Last Monday, the Engineering Undergraduate Society (EUS) Council met in the Engineering Common Room, where it approved the budget for this year and discussed student federation politics.
Budget approved with $16,000 projected surplus
VP Finance David Bailey led a discussion on the budget, asking for straw polls after presenting the budgets of each executive member, then holding a vote at the end of the presentations for the approval for the budget as a whole.
During the discussion, Bailey noted that the Open Air Pub (OAP), held at the beginning of the school year, made over $72,000 in profits. This year, EUS incurred an extra $15,000 in costs for OAP, mostly due to extra security presence and the provision of portable toilets at the event, which Bailey said had been pushed for by the University. Despite these additional costs, the event increased its profits by $2,000 from last year.
Council also decided to allocate an additional $5,000 to OAP lite this year. EUS donates the profits from OAP Lite, held in the spring, to the President’s Choice Children’s Charity. Provigo, which provides a large amount of food for OAP, is a subsidiary of Loblaw Companies, which also owns President’s Choice. Council allocated this money to OAP Lite for an additional donation to the charity in case OAP Lite does not turn a high profit. This, according to Bailey, was important because EUS’ relationship with Provigo is crucial to the success of OAP and OAP lite.
Bailey also explained the low equity budget, noting that equity-related projects get funding from external sources, such as the Students’ Society of McGill University (SSMU).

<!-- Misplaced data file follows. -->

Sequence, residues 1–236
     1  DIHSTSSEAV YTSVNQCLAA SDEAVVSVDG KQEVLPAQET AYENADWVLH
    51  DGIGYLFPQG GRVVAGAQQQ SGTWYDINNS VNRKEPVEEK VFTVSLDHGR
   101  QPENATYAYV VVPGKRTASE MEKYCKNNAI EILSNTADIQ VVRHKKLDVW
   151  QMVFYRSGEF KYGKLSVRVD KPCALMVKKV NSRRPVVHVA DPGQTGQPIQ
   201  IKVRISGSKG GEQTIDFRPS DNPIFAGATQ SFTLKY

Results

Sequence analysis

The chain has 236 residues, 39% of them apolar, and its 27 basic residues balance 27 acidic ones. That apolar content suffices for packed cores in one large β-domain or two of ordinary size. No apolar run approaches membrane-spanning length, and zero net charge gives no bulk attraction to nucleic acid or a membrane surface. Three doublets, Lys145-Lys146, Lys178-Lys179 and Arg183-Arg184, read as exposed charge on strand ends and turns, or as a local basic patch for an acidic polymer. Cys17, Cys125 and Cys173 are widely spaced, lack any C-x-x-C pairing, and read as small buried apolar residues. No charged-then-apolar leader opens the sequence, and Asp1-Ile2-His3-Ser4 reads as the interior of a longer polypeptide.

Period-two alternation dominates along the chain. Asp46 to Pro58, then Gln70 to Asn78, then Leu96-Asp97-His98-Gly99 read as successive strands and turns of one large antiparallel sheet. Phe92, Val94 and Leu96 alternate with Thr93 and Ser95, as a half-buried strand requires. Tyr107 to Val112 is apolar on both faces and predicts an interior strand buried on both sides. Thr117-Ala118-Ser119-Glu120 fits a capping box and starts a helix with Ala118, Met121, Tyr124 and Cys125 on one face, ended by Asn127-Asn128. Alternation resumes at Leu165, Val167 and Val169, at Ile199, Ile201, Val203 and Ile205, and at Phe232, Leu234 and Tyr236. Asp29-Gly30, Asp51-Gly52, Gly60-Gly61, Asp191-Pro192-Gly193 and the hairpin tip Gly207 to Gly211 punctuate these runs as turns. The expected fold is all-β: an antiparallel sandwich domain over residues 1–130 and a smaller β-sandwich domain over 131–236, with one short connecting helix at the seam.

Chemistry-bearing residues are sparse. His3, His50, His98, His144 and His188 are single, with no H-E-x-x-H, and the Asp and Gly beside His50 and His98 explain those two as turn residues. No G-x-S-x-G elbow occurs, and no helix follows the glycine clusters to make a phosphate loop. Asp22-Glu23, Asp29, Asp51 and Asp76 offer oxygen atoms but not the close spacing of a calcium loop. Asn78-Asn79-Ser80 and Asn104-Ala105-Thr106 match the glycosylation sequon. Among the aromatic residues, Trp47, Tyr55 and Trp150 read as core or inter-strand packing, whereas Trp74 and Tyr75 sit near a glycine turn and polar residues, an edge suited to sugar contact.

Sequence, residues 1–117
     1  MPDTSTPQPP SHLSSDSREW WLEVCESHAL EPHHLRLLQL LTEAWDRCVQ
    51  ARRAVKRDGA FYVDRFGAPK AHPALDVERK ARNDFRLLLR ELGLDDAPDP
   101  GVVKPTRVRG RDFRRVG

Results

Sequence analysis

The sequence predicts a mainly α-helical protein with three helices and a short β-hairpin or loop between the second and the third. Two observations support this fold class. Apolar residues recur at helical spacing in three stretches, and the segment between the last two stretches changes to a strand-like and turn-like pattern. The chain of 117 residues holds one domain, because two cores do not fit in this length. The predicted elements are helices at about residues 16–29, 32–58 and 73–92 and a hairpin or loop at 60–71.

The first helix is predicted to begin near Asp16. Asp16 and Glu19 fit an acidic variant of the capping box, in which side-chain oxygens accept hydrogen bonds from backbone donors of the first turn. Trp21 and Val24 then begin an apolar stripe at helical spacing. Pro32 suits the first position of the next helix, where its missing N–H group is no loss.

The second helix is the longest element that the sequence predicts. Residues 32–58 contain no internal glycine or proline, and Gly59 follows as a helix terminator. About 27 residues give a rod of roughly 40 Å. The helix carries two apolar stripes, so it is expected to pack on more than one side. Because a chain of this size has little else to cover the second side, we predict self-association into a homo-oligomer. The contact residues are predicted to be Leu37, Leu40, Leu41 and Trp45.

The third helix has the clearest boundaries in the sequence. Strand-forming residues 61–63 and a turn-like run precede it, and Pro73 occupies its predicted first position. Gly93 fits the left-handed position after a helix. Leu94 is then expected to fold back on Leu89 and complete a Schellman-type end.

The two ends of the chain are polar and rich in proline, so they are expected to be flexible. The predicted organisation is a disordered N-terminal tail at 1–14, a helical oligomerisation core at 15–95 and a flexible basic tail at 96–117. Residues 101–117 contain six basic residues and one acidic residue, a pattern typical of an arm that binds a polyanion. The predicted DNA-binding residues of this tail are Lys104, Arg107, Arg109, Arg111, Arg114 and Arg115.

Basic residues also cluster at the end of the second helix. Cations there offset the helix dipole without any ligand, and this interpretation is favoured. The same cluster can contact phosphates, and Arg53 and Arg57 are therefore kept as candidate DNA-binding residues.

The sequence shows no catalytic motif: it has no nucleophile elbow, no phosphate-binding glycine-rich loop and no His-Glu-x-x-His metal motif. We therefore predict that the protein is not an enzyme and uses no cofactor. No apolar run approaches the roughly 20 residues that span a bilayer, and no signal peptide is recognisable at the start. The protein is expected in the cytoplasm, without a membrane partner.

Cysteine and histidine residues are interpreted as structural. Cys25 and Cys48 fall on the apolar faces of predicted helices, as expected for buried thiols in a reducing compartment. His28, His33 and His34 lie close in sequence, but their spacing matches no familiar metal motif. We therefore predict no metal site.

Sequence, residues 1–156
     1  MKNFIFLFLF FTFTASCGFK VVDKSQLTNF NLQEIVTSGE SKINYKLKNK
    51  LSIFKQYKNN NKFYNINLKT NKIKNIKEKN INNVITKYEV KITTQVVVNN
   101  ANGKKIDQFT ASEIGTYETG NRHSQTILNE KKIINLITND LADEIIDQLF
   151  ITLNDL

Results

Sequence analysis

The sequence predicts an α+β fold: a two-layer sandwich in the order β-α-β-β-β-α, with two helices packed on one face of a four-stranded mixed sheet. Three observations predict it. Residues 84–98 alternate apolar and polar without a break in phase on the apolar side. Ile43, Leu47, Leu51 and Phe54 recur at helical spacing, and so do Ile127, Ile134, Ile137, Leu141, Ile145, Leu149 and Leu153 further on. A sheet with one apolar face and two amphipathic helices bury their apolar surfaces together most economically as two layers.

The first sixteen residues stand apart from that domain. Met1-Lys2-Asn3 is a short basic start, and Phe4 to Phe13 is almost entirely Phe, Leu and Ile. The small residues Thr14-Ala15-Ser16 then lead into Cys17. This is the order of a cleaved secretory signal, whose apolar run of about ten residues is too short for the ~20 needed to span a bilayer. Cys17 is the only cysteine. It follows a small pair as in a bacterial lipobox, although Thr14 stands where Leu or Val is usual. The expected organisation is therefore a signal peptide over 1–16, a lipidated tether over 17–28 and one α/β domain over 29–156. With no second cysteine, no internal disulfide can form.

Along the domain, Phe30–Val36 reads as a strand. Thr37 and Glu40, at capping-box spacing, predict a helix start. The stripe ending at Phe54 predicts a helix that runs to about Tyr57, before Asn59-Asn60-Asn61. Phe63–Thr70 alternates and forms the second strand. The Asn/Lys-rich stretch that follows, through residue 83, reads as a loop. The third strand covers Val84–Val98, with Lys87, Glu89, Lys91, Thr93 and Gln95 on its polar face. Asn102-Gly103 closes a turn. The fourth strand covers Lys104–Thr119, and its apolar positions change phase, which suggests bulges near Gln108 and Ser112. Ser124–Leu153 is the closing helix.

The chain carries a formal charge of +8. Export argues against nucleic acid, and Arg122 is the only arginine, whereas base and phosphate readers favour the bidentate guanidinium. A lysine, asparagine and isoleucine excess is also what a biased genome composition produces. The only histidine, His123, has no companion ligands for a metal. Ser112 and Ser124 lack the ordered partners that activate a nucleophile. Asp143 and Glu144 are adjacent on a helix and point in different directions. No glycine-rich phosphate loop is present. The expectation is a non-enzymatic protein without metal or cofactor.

“Equity is really expanding its activities this year. There are a lot of external groups that are willing to support these sort of initiatives; we’ve got sponsorship from SSMU, sponsorship from [the McGill Engineering Student Centre]. So, the way it worked out is we’re only budgeting $300. Pretty much every event is getting directly that money back through SSMU funds,” said Bailey.
The approved budget includes a $16,000 surplus, which, according to Bailey, is a healthy cushion, especially considering that council has run deficits in the past couple of years.
Bilingualism in Quebec and Canadian engineering federations
During his report, VP External Marc-Olivier Granger said that he had attended two meetings of the Quebec Confederation for Engineering Student Outreach (QCESO). Granger told Council that at the first meeting, held in May, he brought up a motion to make all QCESO events bilingual. This would apply to the Quebec Engineering Competition and the Quebec Engineering Games.
Granger also said that he had attended a meeting of the Canadian Federation of Engineering Students (CFES), where he put forward a motion that had been brought up by EUS executives last year to have more French representation in CFES.
“It’s the other way around, so now we’re to have a better representation of French. I think it’s fair that if I’m pushing here [in Quebec] for better English representation that I support the same opportunities at CFES,” said Granger.